To save water, and to reduce water pollution and greenhouse gases, fruit and vegetable growers can change the way they irrigate and fertilize their crops.To learn why the use of these environmentally beneficial management practices (BMPs) is not more widespread, American Farmland Trust polled and held focus groups with specialty crop growers, asking them what would make it more likely for them to try practices such as micro-drip and alternate furrow irrigation and timed application and precise placement of nitrogen fertilizers.
The report finds that the cost of new irrigation and nutrient management BMP is the major obstacle to their adoption, followed by grower concern that they could suffer a reduction in crop yield or quality. The difficulty of accessing trustworthy information on how to implement the practices and to minimize the economic and agronomic risks was another major barrier identified by the focus groups.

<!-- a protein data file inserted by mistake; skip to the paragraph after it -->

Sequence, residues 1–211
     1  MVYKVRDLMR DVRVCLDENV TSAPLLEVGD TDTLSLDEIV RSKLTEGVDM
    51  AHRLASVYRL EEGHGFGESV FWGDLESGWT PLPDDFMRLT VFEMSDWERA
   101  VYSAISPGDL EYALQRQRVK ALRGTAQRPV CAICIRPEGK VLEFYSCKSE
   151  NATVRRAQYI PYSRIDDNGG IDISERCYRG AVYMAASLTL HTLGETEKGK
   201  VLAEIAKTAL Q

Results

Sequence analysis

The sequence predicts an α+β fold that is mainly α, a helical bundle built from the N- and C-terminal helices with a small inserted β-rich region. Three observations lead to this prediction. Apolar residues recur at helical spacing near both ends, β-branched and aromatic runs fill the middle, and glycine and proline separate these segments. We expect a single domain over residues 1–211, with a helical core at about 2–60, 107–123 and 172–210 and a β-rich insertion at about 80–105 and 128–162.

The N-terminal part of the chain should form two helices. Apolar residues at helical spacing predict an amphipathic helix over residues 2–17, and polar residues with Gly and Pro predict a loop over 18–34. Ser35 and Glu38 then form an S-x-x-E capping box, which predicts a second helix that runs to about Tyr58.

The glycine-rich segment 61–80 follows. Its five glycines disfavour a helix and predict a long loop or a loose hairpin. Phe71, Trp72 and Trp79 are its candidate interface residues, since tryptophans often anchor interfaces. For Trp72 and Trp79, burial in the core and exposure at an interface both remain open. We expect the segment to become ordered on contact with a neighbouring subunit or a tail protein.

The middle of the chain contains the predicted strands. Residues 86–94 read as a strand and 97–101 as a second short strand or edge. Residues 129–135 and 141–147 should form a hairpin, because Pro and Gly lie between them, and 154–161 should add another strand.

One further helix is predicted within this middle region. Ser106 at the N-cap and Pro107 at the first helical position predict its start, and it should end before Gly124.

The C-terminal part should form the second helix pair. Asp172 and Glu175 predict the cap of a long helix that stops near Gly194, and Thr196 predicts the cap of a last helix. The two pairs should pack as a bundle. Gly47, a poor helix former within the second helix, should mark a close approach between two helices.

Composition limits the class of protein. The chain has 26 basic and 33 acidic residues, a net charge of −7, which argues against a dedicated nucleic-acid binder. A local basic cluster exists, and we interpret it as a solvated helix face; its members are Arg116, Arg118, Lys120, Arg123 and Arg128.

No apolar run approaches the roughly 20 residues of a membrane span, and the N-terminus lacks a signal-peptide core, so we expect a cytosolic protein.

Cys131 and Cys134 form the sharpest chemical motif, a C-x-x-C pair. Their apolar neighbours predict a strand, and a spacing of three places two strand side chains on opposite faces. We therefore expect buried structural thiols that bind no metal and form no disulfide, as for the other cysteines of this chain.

Improved productivity, tax credits to offset costs, risk management tools and higher market prices for crops grown using environmentally friendly BMP were among the incentives growers said would encourage them to adopt such practices. However, many California growers were skeptical about or unfamiliar with government cost-share programs that have been a traditional way of funding BMP. The report includes a number of recommendations for encouraging more specialty crop growers to adopt irrigation and nutrient management BMP.